In the course of his celebrity, Spillane and his publishers had a history of projecting his insecurities onto his readers: Spillane is Hammer, Hammer is Spillane, and don’t you forget it. This directness appears in the first-person titles of the novels themselves: I, the Jury (1947), Kiss Me, Deadly (1952), Vengeance Is Mine! (1950), etc., and Spillane often joked that the only difference between himself and Mike Hammer was that Hammer was about a foot taller.The above quotation from My Gun Is Quick notably and laughably begins the novel by chiding the reader for the crime of reading his books instead of living them.
As a populist pulp writer who bristled at the “author” label (“you can sell a lot more peanuts than caviar”), Spillane claimed never to do rewrites and insisted he could whip out a novel in three to nine days, easy. He feuded with other tough guy scribes like Ian Fleming (“a gourmet”) and Ernest Hemingway (Hemingway characterized Spillane’s audience as “lots of scared little bank clerks and office boys”; Spillane countered with, “Hemingway who?”), and cultivated friendships with the likes of John Wayne and Ayn Rand. His novels soak their ostensible patriotism in a paranoid, sadistic, and grievance-driven worldview, a familiar American swirl of abstract rage and righteous smitings. When it comes to iconic private eyes, Hammer seems to exist as a single-minded, proto-incel reaction to the inner life of Sam Spade, the vivid wit of Philip Marlowe, and the cosmopolitan joviality of Nick and Nora Charles.
Perhaps because they owed more to the storytelling traditions of Raymond Chandler and Dashiell Hammett, Spillane maintained a dislike of the previous Mike Hammer adaptations, usually citing trivial details like the use of a .38 Special instead of Hammer’s signature Colt .45. The lengthy scenes in The Girl Hunters of Spillane dismantling and reassembling his .45 (and his penchant for whipping it out during interviews, well into the 1990s) drip with this particular fragility.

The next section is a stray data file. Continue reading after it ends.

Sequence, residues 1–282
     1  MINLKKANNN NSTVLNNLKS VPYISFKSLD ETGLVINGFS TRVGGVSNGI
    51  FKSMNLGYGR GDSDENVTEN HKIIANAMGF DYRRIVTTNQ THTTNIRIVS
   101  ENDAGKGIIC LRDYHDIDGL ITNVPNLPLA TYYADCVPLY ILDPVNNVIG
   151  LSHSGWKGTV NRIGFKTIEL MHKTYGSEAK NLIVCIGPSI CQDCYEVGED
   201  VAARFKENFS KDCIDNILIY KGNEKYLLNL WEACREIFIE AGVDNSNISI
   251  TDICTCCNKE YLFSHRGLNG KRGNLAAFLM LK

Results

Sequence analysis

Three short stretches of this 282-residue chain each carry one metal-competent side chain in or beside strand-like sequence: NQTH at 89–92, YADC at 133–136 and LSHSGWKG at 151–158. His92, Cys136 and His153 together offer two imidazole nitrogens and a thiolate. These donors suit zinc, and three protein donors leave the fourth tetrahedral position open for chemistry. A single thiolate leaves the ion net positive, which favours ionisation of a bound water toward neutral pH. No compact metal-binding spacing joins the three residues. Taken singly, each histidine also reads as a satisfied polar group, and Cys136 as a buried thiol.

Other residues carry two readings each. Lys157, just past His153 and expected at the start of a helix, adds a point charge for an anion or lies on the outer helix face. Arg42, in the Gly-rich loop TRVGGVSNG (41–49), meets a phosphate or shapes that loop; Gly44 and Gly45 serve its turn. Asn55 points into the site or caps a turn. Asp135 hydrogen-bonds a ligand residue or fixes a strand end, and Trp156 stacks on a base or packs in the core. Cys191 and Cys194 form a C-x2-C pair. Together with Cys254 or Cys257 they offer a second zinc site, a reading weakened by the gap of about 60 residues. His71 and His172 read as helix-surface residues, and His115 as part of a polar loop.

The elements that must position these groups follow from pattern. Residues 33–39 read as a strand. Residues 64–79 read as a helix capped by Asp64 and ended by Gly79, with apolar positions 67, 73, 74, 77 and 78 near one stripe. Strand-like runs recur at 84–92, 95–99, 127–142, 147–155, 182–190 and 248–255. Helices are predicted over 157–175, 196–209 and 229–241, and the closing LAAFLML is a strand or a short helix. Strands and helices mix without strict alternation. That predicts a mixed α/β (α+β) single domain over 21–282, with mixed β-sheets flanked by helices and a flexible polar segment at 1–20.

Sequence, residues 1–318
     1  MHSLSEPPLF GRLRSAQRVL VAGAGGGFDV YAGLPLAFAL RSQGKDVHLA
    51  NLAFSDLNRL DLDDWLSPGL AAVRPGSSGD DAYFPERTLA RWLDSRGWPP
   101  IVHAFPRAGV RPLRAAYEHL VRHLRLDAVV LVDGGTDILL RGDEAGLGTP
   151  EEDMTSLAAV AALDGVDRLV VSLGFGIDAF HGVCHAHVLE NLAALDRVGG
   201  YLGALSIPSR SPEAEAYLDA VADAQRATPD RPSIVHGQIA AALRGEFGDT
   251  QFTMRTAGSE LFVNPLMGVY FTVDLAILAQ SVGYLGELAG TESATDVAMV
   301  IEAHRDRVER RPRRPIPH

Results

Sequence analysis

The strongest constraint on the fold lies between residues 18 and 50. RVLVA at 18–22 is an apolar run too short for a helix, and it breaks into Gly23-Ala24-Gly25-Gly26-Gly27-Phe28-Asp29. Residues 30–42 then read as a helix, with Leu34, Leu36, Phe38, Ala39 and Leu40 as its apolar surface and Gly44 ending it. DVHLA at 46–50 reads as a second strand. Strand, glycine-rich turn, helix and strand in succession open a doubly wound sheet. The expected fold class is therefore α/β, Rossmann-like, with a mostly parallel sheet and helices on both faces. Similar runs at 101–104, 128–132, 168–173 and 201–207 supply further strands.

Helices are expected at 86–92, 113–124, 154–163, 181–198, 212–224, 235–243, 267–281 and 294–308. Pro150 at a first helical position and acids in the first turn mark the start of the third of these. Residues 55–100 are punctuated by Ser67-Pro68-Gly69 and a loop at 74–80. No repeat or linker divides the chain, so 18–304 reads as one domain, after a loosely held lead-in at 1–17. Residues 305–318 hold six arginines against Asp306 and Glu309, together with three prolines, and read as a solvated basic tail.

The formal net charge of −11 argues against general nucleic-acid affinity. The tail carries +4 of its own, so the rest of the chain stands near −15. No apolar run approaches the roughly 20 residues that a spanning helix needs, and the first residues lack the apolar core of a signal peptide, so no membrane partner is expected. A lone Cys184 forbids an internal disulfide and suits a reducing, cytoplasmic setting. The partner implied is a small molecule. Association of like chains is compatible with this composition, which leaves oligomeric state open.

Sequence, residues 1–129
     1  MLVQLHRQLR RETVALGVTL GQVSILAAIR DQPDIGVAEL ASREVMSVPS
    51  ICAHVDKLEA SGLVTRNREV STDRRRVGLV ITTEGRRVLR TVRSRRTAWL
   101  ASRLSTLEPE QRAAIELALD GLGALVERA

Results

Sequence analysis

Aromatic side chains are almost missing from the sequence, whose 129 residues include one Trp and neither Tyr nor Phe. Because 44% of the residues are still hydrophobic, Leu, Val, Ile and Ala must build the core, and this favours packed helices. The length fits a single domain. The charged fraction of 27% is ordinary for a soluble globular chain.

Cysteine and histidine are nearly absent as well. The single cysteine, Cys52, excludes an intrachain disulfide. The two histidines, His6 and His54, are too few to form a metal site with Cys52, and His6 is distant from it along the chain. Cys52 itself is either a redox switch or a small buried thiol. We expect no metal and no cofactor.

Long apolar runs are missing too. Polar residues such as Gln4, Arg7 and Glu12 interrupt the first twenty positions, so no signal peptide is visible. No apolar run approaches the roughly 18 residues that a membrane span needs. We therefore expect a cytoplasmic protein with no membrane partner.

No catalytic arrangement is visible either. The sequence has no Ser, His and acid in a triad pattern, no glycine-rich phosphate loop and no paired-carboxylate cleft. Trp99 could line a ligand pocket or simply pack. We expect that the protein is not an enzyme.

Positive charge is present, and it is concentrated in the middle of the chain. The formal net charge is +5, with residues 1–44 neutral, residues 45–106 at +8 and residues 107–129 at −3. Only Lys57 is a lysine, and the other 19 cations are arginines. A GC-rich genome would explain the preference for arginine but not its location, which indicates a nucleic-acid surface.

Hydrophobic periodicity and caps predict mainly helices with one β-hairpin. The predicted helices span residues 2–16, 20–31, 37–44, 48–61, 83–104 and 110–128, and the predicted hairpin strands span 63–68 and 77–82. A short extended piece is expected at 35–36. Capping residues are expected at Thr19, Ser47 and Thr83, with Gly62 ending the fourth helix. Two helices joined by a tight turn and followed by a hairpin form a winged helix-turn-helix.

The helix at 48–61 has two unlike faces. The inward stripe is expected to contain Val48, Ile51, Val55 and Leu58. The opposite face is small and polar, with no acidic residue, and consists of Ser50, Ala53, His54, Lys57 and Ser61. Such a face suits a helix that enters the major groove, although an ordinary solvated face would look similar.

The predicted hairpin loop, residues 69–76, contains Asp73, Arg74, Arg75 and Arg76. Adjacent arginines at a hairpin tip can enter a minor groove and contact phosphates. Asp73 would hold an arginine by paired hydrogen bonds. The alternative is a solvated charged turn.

Supposedly, the producers of The Girl Hunters begged Spillane to star as Hammer and he begrudgingly accepted. The theatrical trailer, which touts Spillane’s “400 million readers” and “Mike Hammer, played as only one man could play him, the man who created him!” would seem to corroborate this enthusiasm. Spillane’s casting approval dictated that none of his costars would be taller than him, and the budget dictated the majority of the film be shot in England. While shooting, he met with notorious figures from London organized crime, including Jack Spot and Billy Hill, the latter of whom supplied the production with prop firearms (which, incidentally, were real firearms)—more evidence of Spillane’s obsession with splashing the testosterone from the page onto his own public image.
There is a certain lack of pretense to his performance, and, despite a shirtless scene, it doesn’t feel tempered by vanity, at least not in the traditional sense. It’s a bit like watching somebody’s dad or uncle perform in their indie film, or spending time with the kind of guy you’d meet at a bar in Bensonhurst that opens at 9:00 in the morning. Spillane never appears to be having fun here, not even in the scene where Hammer forces an ice-pick wielding hoodlum to swallow one of his (unfired) bullets through sheer force of macho intimidation. Naturally, Spillane contended that this scene was based on a true story.
Perhaps fittingly, The Girl Hunters forgets all about its purported heart—the missing Velda, the love of Hammer’s life—and ends, literally, as a head-exploding vehicle of pure revenge. [Velda’s fate was revealed in print in The Snake (1964), but a film sequel never came to pass.] Eventually, Spillane went on to do nearly two-decades’ worth of Miller Lite ads as a Hammer-ized version of himself. Pounding on a typewriter, solving mysteries such as “Rodney Dangerfield stole a case of Miller Lite,” and being an all-around babe magnet, Spillane seemed to embrace a full-on parodic version of Hammer and his eggshell bravado. Obviously, he was being well-compensated to do so, but somewhere, beyond the fringes of this humorless, fascist-superhero persona, Spillane appeared finally to be making fun.
Sean Gill is a writer and filmmaker who won Michigan Quarterly Review‘s 2020 Lawrence Prize, Pleiades’ 2019 Gail B. Crump Prize, and The Cincinnati Review’s 2018 Robert and Adele Schiff Award. He has studied with Werner Herzog, video edited for Netflix’s Queer Eye, and was directed by Martin Scorsese (on HBO’s Vinyl). Other recent writing has been published in McSweeney’s Internet Tendency, The Los Angeles Review of Books, The Threepenny Review, and at Epiphany, where he writes the “Lurid Esoterica” column.